Snapshots work mostly like the name suggests. In certain intervals, the filesystem takes an „snapshot“, which is an exact read-only copy of the contents of the whole filesystem at one moment in time. In a way, a snapshot is similar to a backup, but with one great restriction: As the „backup“ is stored on the exact same filesystem, this is no protection against disasters – if for some reason the filesystem fails, all snapshots will be gone as well. Snapshots do however provide a great protection against user errors, which has always been the number one cause of data loss on the RRZE HPC systems. Users can restore Important files that have been deleted or overwritten from an earlier snapshot.
Snapshots are stored in a hidden directory
.snapshots. Please note that this directory is more hidden than usual: It will not even show up on
ls -a, it will only appear when it is explicitly requested.
This is best explained by an example: Lets assume you have a file
important.txt in your home directory
/home/hpc/exam/example1 that you have been working on for months. You accidentally delete that file. Thanks to snapshots, you should be able to recover most of the file, and „only“ lose the last few hours of work. If you do a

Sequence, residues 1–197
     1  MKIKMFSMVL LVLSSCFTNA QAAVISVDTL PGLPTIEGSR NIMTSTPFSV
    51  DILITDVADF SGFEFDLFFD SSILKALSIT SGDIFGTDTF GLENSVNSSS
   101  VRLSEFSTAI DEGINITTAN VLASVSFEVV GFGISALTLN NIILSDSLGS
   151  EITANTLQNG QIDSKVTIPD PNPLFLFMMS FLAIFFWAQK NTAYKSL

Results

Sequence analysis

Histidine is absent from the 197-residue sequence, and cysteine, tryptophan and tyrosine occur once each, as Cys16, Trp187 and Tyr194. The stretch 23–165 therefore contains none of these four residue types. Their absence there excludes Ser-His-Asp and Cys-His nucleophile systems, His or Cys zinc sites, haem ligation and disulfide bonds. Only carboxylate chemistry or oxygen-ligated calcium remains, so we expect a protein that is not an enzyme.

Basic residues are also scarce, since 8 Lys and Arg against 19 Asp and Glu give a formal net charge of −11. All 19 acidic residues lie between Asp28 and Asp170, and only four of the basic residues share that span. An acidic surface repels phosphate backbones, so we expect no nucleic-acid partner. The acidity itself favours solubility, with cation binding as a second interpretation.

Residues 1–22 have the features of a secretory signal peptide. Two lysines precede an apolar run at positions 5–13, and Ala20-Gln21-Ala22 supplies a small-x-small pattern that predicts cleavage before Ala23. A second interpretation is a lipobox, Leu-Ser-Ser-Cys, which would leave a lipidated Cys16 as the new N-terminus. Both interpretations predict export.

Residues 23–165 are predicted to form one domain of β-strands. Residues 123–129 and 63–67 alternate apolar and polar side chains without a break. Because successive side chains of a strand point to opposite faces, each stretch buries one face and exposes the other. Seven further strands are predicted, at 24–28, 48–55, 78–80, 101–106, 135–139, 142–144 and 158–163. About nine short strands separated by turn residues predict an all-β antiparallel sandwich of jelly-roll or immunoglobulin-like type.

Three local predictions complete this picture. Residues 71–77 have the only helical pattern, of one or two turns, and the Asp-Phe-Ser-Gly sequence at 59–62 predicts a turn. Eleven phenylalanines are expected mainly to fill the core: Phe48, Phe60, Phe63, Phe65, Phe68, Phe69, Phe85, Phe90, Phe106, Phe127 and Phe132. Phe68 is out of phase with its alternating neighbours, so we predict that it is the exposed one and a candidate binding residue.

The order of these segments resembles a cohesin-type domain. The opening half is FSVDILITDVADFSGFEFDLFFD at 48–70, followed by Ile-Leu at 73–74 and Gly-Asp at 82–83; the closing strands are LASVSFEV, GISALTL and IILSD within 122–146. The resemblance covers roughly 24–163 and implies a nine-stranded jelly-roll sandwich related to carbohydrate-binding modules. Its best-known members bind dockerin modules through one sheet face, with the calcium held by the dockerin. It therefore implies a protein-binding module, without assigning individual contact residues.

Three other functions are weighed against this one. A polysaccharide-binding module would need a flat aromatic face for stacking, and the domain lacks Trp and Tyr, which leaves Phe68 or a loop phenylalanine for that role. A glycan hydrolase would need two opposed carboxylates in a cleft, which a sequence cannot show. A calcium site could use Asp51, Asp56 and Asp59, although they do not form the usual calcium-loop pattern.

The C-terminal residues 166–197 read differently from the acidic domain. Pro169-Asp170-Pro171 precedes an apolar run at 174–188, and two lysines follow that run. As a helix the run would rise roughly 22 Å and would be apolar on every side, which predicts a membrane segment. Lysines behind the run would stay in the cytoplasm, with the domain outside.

ls -l /home/hpc/exam/example1/.snapshots/, you should see something like this:
drwx------ 49 example1 exam 32768 8. Feb 10:54 @GMT-2019.02.10-03.00.00 drwx------ 49 example1 exam 32768 16. Feb 18:06 @GMT-2019.02.17-03.00.00 drwx------ 49 example1 exam 32768 24. Feb 00:15 @GMT-2019.02.24-03.00.00 drwx------ 49 example1 exam 32768 28. Feb 23:06 @GMT-2019.03.01-03.00.00 drwx------ 49 example1 exam 32768 1. Mär 21:34 @GMT-2019.03.03-03.00.00 drwx------ 49 example1 exam 32768 1. Mär 21:34 @GMT-2019.03.02-03.00.00 drwx------ 49 example1 exam 32768 3. Mär 23:54 @GMT-2019.03.04-03.00.00 drwx------ 49 example1 exam 32768 4. Mär 17:01 @GMT-2019.03.05-03.00.00
Each of these directories contains an exact read-only copy of your home directory at the time that is given in the name. To restore the file in the state as it was at 3:00 UTC on the 5th of March, you can just copy it from there to your current work directory again:
cp '/home/hpc/exam/example1/.snapshots/@GMT-2019.03.05-03.00.00/important.txt' '/home/hpc/exam/example1/important.txt'